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A **Revised** Plan for the future

A Plan for the Future **Revised**

 

As I said in my first post, it was just a rough draft, since I posted it, it has received over 350 comments thanks to Dave putting it on the main page. I have read each comment and suggestion, and knowing that my ideas are not always the best I decided to see if maybe there is a better plan for the future of this team.  This revised plan will include; updated salary cap info from Storyteller and others who pointed out some flaws in my original post, and many different player movement plans that people have suggested.  Hopefully it will not be as long as the last one, and hopefully it will be as well received.

 

I. Salary cap for the 2009/2010 season

            Before we go any further, we need to assess the team’s salary cap situation, as it will effect every decision that is made from this point. For this post, I am going to use an assumed salary cap for next season, the number I have chosen is $57.3 million.  I chose this number because it seems to be the most quoted by NBA writers when talking about projecting next years cap. The luxury tax has always been between $12-13 million more than the salary cap, the actual number is determined by an insane formula that I can’t go into, because I really don’t understand it, but if you would like to read about it, you can at, http://members.cox.net/lmcoon/salarycap.htm#Q16.  If we use the higher end of the assumed amount, ($13 million) that would put the luxury tax threshold at $70.3 million.

            The Blazers have committed $50,567,802 in payroll next season, but that is not their cap number.  As pointed out by ptldplatypus, and confirmed by Storyteller, there are cap holds which reduce the actual salary cap space the team has to sign free agents. Those holds are $933,500 for the Blazers #24 pick in the 2009 draft, $824,200 for Petteri Koponen, $824,200 for Joel Freeland, and $4,264,761 for Channing Frye.  Adding in those hold you will get $ 55,744,779, which is exactly what Storyteller shows on his website, http://www.storytellerscontracts.info/resources/08-09salaries.htm. Leaving the Blazers a projected $1,555,221 in cap space this summer.  What that does not include is the Blazers Mid-level exception, or Bi-annual exception.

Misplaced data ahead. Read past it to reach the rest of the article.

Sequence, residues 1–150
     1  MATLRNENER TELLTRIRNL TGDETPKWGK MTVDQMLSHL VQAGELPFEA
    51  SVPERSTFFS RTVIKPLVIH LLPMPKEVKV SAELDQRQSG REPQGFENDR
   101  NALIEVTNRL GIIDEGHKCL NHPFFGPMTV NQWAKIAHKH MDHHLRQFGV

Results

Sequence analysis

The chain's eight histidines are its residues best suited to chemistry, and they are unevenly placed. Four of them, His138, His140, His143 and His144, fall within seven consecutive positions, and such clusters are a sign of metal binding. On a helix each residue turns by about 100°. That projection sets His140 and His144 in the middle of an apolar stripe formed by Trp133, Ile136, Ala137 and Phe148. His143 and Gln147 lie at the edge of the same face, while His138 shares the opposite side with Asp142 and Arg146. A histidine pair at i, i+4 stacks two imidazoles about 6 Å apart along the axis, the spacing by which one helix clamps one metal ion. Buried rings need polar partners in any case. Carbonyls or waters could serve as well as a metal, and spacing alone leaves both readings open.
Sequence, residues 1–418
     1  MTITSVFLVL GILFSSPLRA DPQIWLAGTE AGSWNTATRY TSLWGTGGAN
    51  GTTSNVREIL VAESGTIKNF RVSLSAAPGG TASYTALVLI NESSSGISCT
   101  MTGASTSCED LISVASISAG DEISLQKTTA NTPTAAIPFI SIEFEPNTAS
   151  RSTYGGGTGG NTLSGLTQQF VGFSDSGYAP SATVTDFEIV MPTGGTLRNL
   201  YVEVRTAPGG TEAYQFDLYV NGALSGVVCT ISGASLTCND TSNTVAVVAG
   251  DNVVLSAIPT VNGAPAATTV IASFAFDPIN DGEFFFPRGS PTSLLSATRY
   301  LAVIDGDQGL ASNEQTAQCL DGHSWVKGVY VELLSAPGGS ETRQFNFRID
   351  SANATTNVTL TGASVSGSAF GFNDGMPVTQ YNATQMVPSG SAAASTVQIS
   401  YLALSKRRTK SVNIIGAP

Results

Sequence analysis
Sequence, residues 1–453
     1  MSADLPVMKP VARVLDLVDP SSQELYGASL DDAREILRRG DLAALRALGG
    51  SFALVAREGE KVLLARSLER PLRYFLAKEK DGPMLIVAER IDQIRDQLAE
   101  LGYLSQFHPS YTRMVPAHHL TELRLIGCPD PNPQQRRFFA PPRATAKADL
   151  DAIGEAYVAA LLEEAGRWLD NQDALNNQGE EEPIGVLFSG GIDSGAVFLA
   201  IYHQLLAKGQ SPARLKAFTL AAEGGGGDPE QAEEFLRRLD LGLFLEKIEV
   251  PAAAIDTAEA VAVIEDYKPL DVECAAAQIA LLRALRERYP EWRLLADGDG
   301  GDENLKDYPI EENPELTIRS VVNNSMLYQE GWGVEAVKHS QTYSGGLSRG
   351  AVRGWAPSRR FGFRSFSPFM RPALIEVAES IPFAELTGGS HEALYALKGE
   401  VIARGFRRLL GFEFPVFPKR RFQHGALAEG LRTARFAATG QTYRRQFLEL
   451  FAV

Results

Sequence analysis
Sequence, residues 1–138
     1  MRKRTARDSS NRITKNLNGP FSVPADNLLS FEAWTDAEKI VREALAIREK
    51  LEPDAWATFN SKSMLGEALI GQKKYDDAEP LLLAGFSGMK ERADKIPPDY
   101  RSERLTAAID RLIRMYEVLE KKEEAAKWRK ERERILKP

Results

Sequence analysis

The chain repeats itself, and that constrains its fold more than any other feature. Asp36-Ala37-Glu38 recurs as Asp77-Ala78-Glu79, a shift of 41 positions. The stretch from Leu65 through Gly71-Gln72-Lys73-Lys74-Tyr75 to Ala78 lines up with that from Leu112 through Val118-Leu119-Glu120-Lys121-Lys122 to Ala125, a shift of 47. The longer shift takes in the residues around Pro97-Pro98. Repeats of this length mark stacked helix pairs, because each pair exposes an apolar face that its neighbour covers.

The Blazers have some options to gain more cap space, they can renounce their rights to players or exceptions if they choose. For example they can renounce their rights to Channing Frye to free up his cap hold of $4,264,761, giving the team a total of $5,819,982 in possible cap space.  To use that space the team would need to renounce their mid-level and bi-annual exceptions, which they might not want to do. This is because the mid-level exception this last year was $5.585 million, and the bi-annual was $1.91 million.  Those can be split up to sign more than 2 players, but they can not be added together to sign one player. The team could also renounce its rights to Freeland or Koponen to gain $1,648,400 additional space, but I don’t see them doing it.  So for the purpose of this plan I am going to say the team will renounce it’s rights to Frye, giving them $5,819,982 in possible cap space if they also decide to renounce their exceptions. In the player acquisition section below I will detail how we will trade for, or sign a player(s) and if the team would have to renounce their exceptions or not.

           

II. Player decisions for the season ending in 2009.

In the last post I detailed specifics about letting some players go, and signing both Brandon Roy and LaMarcus Aldridge to extensions.  For this post I will simply say the team will sign them both, Roy for $88 million over 5 years, and LaMarucs for $50 million for 5 years. If you care to read my reasoning behind those salaries, or how I came up with those numbers, you can read the original post here, http://www.blazersedge.com/2009/5/8/869802/a-plan-for-the-future.

 

III. Trades and Free Agents

Instead of detailing one specific plan this time, I am going to give a few options that others have suggested.  The ones I have picked to detail, were picked because they could be supported by other sources and possible, (meaning no LBJ or Kobe trades will make it) and because a deal could be made for the player(s) that seems reasonable to all parties.